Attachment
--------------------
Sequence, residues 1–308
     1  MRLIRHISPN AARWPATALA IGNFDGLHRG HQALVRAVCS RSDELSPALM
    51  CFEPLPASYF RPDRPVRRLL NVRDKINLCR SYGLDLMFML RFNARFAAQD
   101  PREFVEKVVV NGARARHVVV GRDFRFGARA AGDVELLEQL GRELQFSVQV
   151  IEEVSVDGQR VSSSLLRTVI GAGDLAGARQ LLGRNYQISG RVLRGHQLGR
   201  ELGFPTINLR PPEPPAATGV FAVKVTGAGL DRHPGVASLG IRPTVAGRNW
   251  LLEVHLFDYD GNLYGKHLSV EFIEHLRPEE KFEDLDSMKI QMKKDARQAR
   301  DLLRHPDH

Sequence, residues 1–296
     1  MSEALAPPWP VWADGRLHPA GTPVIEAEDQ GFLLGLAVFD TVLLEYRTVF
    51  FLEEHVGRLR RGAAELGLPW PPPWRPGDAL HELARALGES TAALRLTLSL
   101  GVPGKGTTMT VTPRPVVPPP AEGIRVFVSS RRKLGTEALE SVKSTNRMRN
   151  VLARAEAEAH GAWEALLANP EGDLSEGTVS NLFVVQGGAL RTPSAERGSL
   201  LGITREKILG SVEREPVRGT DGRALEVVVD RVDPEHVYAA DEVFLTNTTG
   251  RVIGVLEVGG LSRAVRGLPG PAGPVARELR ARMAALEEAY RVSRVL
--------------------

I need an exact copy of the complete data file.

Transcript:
Sequence, residues 1–308
     1  MRLIRHISPN AARWPATALA IGNFDGLHRG HQALVRAVCS RSDELSPALM
    51  CFEPLPASYF RPDRPVRRLL NVRDKINLCR SYGLDLMFML RFNARFAAQD
   101  PREFVEKVVV NGARARHVVV GRDFRFGARA AGDVELLEQL GRELQFSVQV
   151  IEEVSVDGQR VSSSLLRTVI GAGDLAGARQ LLGRNYQISG RVLRGHQLGR
   201  ELGFPTINLR PPEPPAATGV FAVKVTGAGL DRHPGVASLG IRPTVAGRNW
   251  LLEVHLFDYD GNLYGKHLSV EFIEHLRPEE KFEDLDSMKI QMKKDARQAR
   301  DLLRHPDH

Sequence, residues 1–296
     1  MSEALAPPWP VWADGRLHPA GTPVIEAEDQ GFLLGLAVFD TVLLEYRTVF
    51  FLEEHVGRLR RGAAELGLPW PPPWRPGDAL HELARALGES TAALRLTLSL
   101  GVPGKGTTMT VTPRPVVPPP AEGIRVFVSS RRKLGTEALE SVKSTNRMRN
   151  VLARAEAEAH GAWEALLANP EGDLSEGTVS NLFVVQGGAL RTPSAERGSL
   201  LGITREKILG SVEREPVRGT DGRALEVVVD RVDPEHVYAA DEVFLTNTTG
   251  RVIGVLEVGG LSRAVRGLPG PAGPVARELR ARMAALEEAY RVSRVL